The Burden on Cohabitants of Patients with Chronic Spontaneous Urticaria: A Cross-Sectional Study
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AuthorSánchez Díaz, Manuel; Salazar Nievas, María Carmen; Molina Leyva, Alejandro; Arias Santiago, Salvador Antonio
UrticariaCohabitantsQuality of lifeAnxietyType D personality
Sánchez-Díaz, M... [et al.]. The Burden on Cohabitants of Patients with Chronic Spontaneous Urticaria: A Cross-Sectional Study. J. Clin. Med. 2022, 11, 3228. [https://doi.org/10.3390/jcm11113228]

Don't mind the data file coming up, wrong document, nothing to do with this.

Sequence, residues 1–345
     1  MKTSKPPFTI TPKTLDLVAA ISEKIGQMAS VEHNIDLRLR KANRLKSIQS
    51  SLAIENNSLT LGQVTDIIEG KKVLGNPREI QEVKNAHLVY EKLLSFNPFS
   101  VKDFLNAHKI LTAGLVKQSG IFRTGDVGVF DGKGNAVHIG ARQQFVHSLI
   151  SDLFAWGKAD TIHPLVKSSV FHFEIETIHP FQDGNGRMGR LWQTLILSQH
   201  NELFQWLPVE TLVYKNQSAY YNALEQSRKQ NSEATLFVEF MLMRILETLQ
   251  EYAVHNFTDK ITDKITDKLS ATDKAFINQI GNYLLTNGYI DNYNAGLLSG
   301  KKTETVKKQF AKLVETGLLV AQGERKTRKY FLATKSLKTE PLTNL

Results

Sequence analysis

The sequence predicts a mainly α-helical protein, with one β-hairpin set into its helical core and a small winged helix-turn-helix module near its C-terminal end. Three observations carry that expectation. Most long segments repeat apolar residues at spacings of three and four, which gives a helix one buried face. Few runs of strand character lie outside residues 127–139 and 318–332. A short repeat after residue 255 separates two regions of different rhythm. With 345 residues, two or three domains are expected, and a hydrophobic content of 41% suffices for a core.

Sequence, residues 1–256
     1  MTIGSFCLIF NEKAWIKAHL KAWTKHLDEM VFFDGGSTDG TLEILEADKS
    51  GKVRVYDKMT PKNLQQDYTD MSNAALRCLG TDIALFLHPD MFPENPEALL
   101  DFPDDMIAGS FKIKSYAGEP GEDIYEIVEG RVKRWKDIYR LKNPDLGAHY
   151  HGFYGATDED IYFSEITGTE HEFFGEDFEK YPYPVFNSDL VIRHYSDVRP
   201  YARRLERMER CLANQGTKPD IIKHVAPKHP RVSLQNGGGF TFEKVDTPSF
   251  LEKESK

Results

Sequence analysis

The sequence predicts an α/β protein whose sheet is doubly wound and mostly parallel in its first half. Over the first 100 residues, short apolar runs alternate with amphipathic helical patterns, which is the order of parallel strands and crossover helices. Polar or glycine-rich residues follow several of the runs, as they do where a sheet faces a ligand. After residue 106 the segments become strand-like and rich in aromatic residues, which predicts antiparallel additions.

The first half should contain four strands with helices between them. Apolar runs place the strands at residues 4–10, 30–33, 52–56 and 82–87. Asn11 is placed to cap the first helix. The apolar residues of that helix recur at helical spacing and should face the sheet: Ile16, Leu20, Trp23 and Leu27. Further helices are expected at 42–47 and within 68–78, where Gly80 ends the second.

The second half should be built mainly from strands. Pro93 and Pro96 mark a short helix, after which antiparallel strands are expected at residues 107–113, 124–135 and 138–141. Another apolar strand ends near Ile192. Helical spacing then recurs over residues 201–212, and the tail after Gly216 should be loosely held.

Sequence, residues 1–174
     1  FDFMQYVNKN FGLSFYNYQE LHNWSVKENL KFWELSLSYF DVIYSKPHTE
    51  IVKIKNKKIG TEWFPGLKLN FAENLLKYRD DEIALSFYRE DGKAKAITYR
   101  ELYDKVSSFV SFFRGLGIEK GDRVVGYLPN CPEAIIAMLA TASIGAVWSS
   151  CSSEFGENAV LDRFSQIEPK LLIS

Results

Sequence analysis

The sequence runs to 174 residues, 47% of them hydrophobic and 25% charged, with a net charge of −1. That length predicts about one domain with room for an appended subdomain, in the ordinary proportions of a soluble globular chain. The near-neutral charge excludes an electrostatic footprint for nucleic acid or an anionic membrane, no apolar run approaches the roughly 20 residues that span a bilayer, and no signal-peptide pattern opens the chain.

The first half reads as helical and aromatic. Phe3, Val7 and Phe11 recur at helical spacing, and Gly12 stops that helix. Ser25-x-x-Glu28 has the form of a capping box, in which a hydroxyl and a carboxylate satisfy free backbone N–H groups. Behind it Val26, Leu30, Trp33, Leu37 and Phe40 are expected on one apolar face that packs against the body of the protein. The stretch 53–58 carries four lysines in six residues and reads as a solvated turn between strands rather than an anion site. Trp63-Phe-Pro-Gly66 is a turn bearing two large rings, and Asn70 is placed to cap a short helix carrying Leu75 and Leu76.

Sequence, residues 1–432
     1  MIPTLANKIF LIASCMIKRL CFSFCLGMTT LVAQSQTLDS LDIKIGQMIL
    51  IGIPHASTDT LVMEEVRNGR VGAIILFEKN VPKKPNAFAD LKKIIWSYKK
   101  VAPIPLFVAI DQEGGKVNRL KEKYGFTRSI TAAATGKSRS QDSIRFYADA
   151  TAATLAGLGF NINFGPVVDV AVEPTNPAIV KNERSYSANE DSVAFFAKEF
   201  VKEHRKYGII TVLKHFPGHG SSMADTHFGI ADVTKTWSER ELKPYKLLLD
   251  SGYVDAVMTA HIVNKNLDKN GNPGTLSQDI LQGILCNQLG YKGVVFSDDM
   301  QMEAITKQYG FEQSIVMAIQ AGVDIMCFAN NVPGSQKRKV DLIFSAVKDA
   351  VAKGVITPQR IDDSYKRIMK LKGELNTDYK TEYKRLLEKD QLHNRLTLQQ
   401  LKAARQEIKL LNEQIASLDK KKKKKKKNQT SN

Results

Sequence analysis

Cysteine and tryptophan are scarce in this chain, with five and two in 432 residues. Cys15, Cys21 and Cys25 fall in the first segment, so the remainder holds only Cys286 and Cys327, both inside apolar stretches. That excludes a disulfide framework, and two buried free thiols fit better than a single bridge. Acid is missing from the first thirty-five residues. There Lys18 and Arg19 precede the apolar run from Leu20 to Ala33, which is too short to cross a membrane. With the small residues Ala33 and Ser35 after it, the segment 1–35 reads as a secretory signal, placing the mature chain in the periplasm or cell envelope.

Chronic Spontaneous Urticaria (CSU) has been associated with patients’ poor quality of life. Despite being a chronic disease that could alter the quality of life of the people who live with patients, the potential burden on their cohabitants has not been studied to date. The aim of this study is to analyze the relationship between the patient’s quality of life, disease control, disease duration and family quality of life and the cohabitant’s mood disturbances, sexual dysfunction, type D personality and sleep quality. A cross-sectional study including patients suffering from CSU and their cohabitants was performed. Sociodemographic variables and disease activity, quality of life, sleep, sexual disfunction, anxiety, depression and type D personality were collected using validated questionnaires. Sixty-two subjects, 31 CSU patients and 31 cohabitants, were included in the study. Worse disease control and poorer quality of life in patients were associated with poorer family quality of life and higher rates of anxiety among the cohabitants (p < 0.05). Patients’ poor quality of life was associated with reduced sexual satisfaction among the cohabitants (p < 0.05). Long disease duration (>10 years) was associated with an increased prevalence of type D personality among the cohabitants (prevalence ratio: 2.59, CI 95% 1.03–7.21). CSU seems to have an impact on the quality of life of cohabitants, especially in terms of increased rates of anxiety, poorer quality of life and reduced sexual satisfaction. The prolonged course of the disease could be associated with the increased presence of non-adaptative personality traits.